The holiday season storm — a blizzard at its core that dropped more than two feet of snow in places along the East Coast — had enough destructive force here, more than 200 miles from its epicenter, to destroy a houseboat and punch a wide hole in the Lane's Cove sea wall.
The fierce winds continued Tuesday as damage assessments began, cleanup continued and miscommunication between the city and the American Red Cross was acknowledged in the emergency response.
The city and the local Red Cross chapter did not talk of setting up a Gloucester emergency shelter until nearly 24 hours after the storm arrived from the south — with near blizzard conditions that left as many as 5,000 customers of National Grid without electricity through the overnight hours of the storm and into Monday.
By nightfall Monday, about half the outages had been eliminated, but even Tuesday morning, according to reports from National Grid, as many as 400 customers were still without utility power. Electricity had finally been restored by Tuesday evening to all but about 10 customers in Rockport, according to National Grid.
As to the need for shelter, Frederica Doeringer, executive director of the Red Cross' Northeastern Massachusetts chapter, said there was clear miscommunication in two calls from Miles Schlichte to Charles Vose, a Red Cross volunteer coordinator and member of the Cape Ann Emergency Response Team, on Monday in the late morning and early afternoon. Schlichte is the city's newly named emergency management director.
Schlichte, the two parties agree, queried Vose as to the availability of help in the opening of a shelter. Vose, according to Doeringer, responded that no resources were immediately available because they had been assigned previously to shelters in Salisbury and Rockport, but that if Gloucester requested it formally — the Red Cross would reach out for volunteers from other sections of the state to help the city.
No such request apparently was made, Doeringer said, but she acknowledged the city and the agency were not communicating effectively. She also said that Cynthia Quinn, the emergency preparedness director for the chapter, was a party to the second call from Schlichte, which was made about 12:30 p.m.
Doeringer said Rockport processed its request in a timely fashion, but she said the agency would have found resources to help Gloucester if explicitly asked.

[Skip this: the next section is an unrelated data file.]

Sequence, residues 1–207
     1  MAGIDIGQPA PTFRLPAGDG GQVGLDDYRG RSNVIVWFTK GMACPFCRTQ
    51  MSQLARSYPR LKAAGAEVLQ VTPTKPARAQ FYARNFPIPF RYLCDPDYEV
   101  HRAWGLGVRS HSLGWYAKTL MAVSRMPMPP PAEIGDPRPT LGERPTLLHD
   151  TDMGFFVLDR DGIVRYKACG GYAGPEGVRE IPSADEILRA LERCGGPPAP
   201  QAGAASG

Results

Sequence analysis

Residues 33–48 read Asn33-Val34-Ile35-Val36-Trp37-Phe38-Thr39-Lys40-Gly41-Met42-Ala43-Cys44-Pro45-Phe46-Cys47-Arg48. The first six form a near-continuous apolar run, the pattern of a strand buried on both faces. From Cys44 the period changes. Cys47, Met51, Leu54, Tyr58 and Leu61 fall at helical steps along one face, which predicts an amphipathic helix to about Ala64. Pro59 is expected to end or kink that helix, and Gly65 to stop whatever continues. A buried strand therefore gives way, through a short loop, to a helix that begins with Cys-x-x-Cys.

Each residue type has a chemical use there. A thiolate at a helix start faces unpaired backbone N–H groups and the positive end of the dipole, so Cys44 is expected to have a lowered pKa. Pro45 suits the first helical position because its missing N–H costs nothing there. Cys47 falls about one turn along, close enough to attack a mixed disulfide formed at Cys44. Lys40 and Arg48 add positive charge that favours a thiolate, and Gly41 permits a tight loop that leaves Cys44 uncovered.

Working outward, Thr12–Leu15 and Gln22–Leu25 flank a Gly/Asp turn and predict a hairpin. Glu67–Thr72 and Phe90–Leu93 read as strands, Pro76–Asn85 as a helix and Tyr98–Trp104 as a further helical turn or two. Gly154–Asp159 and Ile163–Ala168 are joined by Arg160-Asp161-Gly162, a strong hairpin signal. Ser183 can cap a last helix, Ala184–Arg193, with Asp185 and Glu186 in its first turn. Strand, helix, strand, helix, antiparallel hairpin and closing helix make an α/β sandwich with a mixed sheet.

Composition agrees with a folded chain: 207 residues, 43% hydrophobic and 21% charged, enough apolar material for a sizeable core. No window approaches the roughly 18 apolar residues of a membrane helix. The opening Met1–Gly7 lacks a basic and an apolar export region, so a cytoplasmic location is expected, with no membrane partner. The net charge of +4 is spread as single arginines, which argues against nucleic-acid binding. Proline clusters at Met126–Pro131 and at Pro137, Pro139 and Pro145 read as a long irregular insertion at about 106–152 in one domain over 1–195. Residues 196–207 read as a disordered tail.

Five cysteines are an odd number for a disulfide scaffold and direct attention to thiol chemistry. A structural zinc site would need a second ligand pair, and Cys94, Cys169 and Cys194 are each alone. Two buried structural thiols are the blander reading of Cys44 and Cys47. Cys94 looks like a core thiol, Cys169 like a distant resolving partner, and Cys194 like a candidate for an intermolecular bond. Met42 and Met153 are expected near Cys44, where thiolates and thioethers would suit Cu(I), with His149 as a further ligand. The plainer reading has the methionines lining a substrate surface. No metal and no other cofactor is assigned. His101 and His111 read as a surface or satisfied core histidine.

"We don't turn our backs on people," said.
In an e-mail to the Times, Mayor Carolyn Kirk Tuesday questioned the explanation.
"I would be interested to know what constitutes a formal request," she wrote. "Our emergency management director contacted our designated Red Cross representative on at least two occasions to determine the Red Cross's capability of assisting the city.
"Given that 5,000 people were still without power, and temperatures were falling to the 12-degree range, and we had no firm commitments from the Red Cross, the city went forward with a contingency plan to provide a warm environment for citizens should they need it."
She was referring to a bare bones shelter opened at about 3 p.m. Tuesday at the Fuller School, but without any cots, food or other provisions. When no one arrived for shelter by 8 p.m., the city closed down the facility for the night.
Kirk and Doeringer acknowledged that the dis- or misconnect argued for better coordination.
"All of this will be captured and evaluated in the storm's After Action Report, and areas for improvement for all involved parties will be identified," the mayor said.
Clearing snow tonight
In terms of cleanup, the city's snow emergency parking ban are now history, but Gloucester's Department of Public Works announced plans to begin removing the shoveled snow banks from Main Street and other downtown sites at midnight tonight, with the work carrying through 6 a.m. Thursday.
The cleanup will also include Rogers Street, Dale Avenue, and Warren Street, according to an announcement from the DPW. All residents and business owners and managers should ensure that all cars are removed from those areas for the cleanup.
Beyond the downed trees, wires and stunning damage to the Lane's Cove seawall, Harbormaster Jim Caulkett said the storm also did away with one of Gloucester's handful of houseboats.
The one that vanished was identified by Caulkett as owned by Chris Young, and permanently moored — until the storm passed through on Sunday and Monday — at the mouth of the Jones River at its merge with the Annisquam.
Until it disappeared, Caulkett said the houseboat was visible from Wheeler and Thurston Points.
In terms of damage, Public Works Director Mike Hale advised residents to document losses for insurance claims.
It was unclear what aid might be available from the state, which declared an emergency on Sunday, opening the process to possible reimbursement and federal loans.
Hale said tree removal across the city would continue for weeks.
Richard Gaines can be reached at 978-283-7000, or at email@example.com.